Skip to main content


Juan E. Ugarriza, Class 4 (2005-2007)

Twenty Blogs for 20 Years

Juan E. Ugarriza graduated in 2007 with a master’s degree in Global History from the University of North Carolina at Chapel Hill. Following his graduation, he went on to obtain a Ph.D in Political Science from the University of Bern and now serves as a faculty professor at Universidad del Rosario in Bogota, Colombia. Throughout his career, he has focused his research and advisory work on conflict termination and post-conflict peacebuilding in Colombia.


As a faculty professor at Universidad del Rosario (Bogota), Juan has focused his research work on the role of ideologies in contemporary armed conflict, and post-conflict issues. Photo credit: La Silla Vacía.

In March 2007, a group of individuals convened in a private room at Duke University to discuss solutions to the armed conflict in Colombia. Among the attendees were a former Minister of Defense from the right-wing Colombian government, a former Human Rights Watch representative for Colombia who was a fierce critic of the same government, an active member of Amnesty International, and a couple of academic experts on the Colombian case. The discussion was led by Terry Barnett, a beloved and late professor of negotiation, and was made possible by the Rotary Center staff.

Juan Esteban Ugarriza, Ambassador B. Camilio  Ospina, and the late Terry Barnett in 2007

As the organizers of the meeting, we were both humbled and excited to have the full support of Susan Carroll, James Peacock, and Francis Lethem, the heads of the Center, in bringing together people from all ends of the political spectrum to find practical solutions to end the armed conflict in Colombia.

One of the most significant outcomes of the meeting left a lasting impression on my future career. Despite clear ideological differences, all participants agreed on one key point: instead of attempting to persuade armed groups in Colombia, particularly the revolutionary guerrillas, in good faith, they had to be forced to the negotiating table. This realistic approach, coming from human rights defenders and right-wing politicians alike, added a pragmatic perspective that has stayed with me since then, alongside the idealism that led me in the first place to pursue Peace and Conflict Studies at the Duke-UNC Rotary Peace Center.

I consider the phone call I received from Chapel Hill at my workplace in 2005 to be a life-changing moment. The trust that the Rotary Foundation placed in me to make such an investment, with the hope of making a positive impact on human peace, has left me personally indebted forever.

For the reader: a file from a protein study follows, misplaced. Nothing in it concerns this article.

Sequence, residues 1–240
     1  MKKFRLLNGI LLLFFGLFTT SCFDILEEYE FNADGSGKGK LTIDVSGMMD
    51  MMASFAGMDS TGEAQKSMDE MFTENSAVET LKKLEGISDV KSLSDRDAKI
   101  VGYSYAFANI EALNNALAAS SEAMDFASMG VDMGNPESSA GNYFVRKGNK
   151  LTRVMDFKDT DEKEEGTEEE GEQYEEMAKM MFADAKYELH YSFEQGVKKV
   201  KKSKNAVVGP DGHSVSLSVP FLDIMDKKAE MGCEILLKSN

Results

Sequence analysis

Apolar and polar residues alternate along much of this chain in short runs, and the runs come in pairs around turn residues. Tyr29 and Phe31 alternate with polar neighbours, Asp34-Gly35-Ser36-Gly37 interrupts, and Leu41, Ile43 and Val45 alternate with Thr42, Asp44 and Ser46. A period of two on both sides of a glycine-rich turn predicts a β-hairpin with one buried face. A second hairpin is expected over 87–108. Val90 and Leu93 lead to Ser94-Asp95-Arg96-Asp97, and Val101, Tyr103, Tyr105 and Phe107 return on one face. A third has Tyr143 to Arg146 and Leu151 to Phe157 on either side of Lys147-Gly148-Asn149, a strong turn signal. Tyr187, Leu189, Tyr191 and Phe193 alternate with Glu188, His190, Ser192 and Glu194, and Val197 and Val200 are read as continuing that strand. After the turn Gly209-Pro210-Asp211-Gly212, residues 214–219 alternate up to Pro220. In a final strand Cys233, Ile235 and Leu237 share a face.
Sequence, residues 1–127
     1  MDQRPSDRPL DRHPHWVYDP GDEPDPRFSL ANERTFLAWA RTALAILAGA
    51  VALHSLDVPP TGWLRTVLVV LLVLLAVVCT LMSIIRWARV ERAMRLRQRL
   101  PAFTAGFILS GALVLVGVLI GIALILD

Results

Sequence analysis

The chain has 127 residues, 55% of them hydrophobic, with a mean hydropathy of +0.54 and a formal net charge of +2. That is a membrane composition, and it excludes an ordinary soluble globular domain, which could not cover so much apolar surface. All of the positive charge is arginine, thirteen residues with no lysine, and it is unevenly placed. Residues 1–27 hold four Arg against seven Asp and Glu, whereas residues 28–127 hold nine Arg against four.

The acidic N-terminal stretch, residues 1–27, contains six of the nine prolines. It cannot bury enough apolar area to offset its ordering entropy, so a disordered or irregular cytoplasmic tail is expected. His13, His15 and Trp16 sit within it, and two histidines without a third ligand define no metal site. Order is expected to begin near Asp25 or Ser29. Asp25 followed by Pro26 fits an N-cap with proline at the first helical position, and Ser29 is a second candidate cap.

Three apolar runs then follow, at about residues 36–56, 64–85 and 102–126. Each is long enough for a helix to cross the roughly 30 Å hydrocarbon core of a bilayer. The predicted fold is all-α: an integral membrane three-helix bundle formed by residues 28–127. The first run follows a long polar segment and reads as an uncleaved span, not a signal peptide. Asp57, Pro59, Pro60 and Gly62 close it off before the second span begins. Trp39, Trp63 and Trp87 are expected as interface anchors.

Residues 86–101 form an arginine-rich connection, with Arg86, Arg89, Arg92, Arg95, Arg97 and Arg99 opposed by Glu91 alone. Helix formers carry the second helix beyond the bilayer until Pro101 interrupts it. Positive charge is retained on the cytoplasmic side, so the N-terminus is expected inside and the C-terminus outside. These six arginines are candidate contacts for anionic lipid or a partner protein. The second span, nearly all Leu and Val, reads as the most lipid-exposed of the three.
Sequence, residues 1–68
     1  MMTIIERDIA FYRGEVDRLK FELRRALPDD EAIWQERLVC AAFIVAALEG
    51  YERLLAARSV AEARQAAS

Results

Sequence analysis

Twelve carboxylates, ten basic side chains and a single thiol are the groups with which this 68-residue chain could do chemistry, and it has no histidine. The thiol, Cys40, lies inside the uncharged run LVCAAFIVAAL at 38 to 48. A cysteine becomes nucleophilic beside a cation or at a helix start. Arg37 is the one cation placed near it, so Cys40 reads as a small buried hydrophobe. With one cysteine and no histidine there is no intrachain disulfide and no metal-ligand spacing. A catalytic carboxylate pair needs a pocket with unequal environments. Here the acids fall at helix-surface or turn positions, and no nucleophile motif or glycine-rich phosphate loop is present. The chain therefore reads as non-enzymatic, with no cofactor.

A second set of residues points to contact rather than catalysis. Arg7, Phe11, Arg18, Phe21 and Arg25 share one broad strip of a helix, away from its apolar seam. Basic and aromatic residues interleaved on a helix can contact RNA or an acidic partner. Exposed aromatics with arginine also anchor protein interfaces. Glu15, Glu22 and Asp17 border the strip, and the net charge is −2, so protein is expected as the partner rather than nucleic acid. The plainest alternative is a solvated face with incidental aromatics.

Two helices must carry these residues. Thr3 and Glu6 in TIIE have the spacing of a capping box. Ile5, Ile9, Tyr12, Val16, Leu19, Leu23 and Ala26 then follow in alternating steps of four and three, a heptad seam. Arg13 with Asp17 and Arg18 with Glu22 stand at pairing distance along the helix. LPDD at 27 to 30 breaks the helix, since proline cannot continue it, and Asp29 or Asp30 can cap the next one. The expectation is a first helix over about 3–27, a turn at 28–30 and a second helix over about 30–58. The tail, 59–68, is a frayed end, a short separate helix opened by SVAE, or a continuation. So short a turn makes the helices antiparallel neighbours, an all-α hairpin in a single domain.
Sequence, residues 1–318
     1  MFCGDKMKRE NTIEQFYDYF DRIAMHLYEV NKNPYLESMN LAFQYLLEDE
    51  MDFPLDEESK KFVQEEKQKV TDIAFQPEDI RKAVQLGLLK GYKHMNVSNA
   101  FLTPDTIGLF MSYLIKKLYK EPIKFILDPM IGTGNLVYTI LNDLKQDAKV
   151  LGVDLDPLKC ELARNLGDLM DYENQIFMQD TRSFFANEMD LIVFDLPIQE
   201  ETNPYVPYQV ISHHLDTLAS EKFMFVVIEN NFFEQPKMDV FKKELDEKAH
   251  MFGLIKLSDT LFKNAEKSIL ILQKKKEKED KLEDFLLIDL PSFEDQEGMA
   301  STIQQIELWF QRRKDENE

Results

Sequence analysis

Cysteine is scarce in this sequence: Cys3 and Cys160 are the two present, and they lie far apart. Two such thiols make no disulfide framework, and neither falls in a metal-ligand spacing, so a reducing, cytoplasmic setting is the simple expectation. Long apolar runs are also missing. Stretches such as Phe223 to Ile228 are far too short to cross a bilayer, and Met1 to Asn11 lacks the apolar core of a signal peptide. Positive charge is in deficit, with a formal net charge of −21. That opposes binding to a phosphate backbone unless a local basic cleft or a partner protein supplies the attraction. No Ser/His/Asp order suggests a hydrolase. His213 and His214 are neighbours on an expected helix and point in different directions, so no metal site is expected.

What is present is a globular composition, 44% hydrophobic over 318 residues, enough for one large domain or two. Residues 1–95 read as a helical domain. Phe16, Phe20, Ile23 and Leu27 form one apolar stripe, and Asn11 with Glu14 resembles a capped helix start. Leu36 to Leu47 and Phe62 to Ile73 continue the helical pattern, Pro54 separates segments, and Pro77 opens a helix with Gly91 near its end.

Almost two decades after my graduation from the University of North Carolina, I remain deeply committed to a lifelong vow to pursue peace in my country, a commitment I could never have made without the belief of those who supported me in Chapel Hill.

As I reflect on my journey, I recall my mentors in Chapel Hill, who enabled me to work for years in the field with demobilized ex-combatants, war victims, and receiving communities in Colombia, attempting to solve the riddle of how to help peoples live together after decades of violence.

Just as Terry paved the way for me to join future peace attempts with the Colombian guerrillas, other professors also guided my career in unexpected ways. It was Maureen Moriarty-Lempke who first saw potential in me to pursue scientific research as a way to make a difference. And it was our late Jürg Steiner who welcomed me as his Ph.D. student in Political Science to make it happen. Pursuing an academic career later opened an unexpected pathway to spend four years as a delegate and advisor to the Colombian delegation to the peace talks with the ELN guerrillas.

In March 2016, I found myself sitting in a ceremonial room in Caracas, Venezuela, as an official delegate, poised to sign the formal agreement that kickstarted a new peace process between the Colombian Government and the last guerrilla group in Latin America, the ELN. To the best of my ability, I endeavored to stay focused on maintaining a balance between hopefulness and realism in my role as an advisor, as I had learned during my time in Chapel Hill.

In 2016, Juan was part of the Colombian Government delegation that signed an accord with the last guerrilla group in the country, the ELN, which kickstarted a still ongoing peace process.

As I write these lines, I am sitting in a cafeteria at El Rosario University in Bogotá, Colombia, reflecting on the tangible contributions my mentors in Chapel Hill have made, not just through me but also through dozens of peace graduates around the world. I also contemplate how promoting peace in Colombia appears to be a never-ending and complex task. Hopefully, more students from UNC and Duke as well as other Rotary Peace Centers will come to lend us a much-needed hand.




Comments are closed.